Plant acclimation to long-term high nitrogen deposition in an N-rich tropical forest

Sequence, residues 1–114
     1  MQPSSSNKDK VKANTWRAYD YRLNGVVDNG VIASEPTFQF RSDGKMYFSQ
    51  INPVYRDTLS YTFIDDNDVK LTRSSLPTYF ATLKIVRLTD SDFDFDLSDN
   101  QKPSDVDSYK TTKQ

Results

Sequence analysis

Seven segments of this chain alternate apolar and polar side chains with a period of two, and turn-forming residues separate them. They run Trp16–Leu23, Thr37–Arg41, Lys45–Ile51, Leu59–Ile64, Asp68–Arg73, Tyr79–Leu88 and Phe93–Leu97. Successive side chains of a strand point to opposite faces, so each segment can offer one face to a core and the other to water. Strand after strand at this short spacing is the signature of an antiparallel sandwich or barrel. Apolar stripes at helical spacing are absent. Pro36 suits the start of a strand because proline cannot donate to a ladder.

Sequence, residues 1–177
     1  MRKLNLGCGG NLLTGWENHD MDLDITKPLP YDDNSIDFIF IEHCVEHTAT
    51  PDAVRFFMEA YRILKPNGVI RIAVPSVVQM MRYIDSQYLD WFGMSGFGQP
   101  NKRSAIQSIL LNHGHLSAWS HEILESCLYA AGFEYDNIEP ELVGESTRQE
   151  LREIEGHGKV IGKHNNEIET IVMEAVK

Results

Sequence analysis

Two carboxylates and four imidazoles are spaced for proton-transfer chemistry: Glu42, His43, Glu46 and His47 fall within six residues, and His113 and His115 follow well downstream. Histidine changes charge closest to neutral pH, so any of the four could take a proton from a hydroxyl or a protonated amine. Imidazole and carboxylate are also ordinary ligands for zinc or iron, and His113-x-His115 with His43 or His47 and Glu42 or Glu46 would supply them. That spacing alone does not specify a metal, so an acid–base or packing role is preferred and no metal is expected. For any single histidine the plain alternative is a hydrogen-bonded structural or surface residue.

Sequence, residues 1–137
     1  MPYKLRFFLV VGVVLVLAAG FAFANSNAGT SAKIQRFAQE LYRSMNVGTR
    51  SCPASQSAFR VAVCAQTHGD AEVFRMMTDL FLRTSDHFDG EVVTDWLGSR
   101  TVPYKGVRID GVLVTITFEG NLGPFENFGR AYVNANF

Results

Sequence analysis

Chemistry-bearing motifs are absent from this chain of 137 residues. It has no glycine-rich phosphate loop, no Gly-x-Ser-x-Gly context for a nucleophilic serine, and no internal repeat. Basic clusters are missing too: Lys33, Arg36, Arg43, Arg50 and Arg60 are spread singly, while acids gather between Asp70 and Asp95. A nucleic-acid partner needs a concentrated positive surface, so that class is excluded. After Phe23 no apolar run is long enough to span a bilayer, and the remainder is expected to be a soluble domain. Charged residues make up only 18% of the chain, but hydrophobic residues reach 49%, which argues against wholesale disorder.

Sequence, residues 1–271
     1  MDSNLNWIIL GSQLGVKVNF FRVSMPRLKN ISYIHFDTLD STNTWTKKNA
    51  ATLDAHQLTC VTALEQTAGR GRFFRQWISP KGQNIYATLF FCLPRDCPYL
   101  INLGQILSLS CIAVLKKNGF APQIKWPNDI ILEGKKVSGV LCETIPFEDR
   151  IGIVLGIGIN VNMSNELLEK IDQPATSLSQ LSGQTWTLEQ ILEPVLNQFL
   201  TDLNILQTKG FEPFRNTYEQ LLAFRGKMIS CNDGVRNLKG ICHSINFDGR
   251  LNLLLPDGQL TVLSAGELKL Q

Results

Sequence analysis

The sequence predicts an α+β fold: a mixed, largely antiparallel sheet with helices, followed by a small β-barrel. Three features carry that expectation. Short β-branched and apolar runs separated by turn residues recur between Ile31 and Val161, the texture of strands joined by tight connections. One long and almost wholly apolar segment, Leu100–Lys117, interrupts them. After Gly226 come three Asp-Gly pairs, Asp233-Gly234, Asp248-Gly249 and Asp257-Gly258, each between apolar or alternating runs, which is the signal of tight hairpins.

Elevated atmospheric N deposition threatens ecosystem health through eutrophication in terrestrial ecosystems, but little is known about consequences of N deposition in N-rich tropical ecosystems. We added several levels of N to an N-rich tropical forest and monitored plant growth dynamics, forest nutrient status, plant water use, and water losses from the ecosystem for a decade. We found that plants can acclimate and maintain nutrient balance by altering hydrological cycling. These results demonstrate that while elevated N deposition to already N-rich tropical forests may have minor effects on forest growth, it can exert a detectable influence on hydrological dynamics. Reduced runoff may threaten water supply in rapidly developing tropical regions.Anthropogenic nitrogen (N) deposition has accelerated terrestrial N cycling at regional and global scales, causing nutrient imbalance in many natural and seminatural ecosystems. How added N affects ecosystems where N is already abundant, and how plants acclimate to chronic N deposition in such circumstances, remains poorly understood. Here, we conducted an experiment employing a decade of N additions to examine ecosystem responses and plant acclimation to added N in an N-rich tropical forest. We found that N additions accelerated soil acidification and reduced biologically available cations (especially Ca and Mg) in soils, but plants maintained foliar nutrient supply at least in part by increasing transpiration while decreasing soil water leaching below the rooting zone. We suggest a hypothesis that cation-deficient plants can adjust to elevated N deposition by increasing transpiration and thereby maintaining nutrient balance. This result suggests that long-term elevated N deposition can alter hydrological cycling in N-rich forest ecosystems.